Is it permissible to use a human embryo in stem cell research, or in general as a means for benefit of others? Acknowledging each embryo as an object of moral concern, Louis M. Guenin argues that it is morally permissible to decline intrauterine transfer of an embryo formed outside the body, and that from this permission and the duty of beneficence, there follows a consensus justification for using donated embryos in service of humanitarian ends. He then proceeds to show how this justification commands assent even within moral and religious views commonly thought to oppose embryo use. Beneath his moral reasoning lies a carefully constructed metaphysical foundation incorporating accounts of the ontology of development, embryos, and species. He also incisively discusses nonreprocloning, reprocloning, ectogenesis, and related scientific frontiers. This compelling philosophical study will interest all concerned to understand virtue and obligation in the relief of suffering.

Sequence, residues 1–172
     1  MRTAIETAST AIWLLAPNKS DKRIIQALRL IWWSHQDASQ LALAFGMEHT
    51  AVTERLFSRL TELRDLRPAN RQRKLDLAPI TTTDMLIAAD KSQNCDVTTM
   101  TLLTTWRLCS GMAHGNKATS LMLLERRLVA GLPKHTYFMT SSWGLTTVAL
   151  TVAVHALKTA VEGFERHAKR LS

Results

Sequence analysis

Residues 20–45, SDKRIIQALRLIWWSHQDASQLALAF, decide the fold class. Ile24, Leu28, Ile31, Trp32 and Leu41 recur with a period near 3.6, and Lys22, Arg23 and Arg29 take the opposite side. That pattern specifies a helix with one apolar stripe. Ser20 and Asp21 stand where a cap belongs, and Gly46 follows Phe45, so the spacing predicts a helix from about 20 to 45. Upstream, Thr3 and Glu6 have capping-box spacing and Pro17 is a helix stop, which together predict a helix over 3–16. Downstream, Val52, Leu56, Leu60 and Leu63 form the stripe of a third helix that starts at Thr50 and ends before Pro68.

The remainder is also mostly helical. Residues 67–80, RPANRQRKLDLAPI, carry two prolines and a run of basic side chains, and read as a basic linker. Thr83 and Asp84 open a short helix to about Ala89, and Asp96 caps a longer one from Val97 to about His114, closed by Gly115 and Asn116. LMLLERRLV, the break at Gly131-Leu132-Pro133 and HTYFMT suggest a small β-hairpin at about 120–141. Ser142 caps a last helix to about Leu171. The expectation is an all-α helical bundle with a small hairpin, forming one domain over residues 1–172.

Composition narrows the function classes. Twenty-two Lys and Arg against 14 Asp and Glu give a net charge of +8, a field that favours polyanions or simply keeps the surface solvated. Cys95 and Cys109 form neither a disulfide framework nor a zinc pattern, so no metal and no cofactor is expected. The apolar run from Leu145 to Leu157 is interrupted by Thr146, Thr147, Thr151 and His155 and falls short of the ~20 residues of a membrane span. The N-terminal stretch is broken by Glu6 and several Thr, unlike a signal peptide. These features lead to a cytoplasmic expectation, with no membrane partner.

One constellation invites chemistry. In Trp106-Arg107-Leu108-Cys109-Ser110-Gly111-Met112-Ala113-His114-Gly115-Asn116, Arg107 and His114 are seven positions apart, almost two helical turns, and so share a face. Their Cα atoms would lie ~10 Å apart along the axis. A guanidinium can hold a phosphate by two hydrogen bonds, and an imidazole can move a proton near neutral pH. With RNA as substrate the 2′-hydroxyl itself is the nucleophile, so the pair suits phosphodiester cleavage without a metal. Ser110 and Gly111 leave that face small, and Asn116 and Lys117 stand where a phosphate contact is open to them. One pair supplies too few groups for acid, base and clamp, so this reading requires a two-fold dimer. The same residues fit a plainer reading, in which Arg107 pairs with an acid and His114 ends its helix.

Preface; 1. Preliminaries; 2. Epidosembryos; 3. Individuation; 4. Respect for specific life; 5. Consensus; 6. Clones; 7. Analyzing alternatives; 8. Shaping norms.
Choice Outstanding Academic Title -- 2009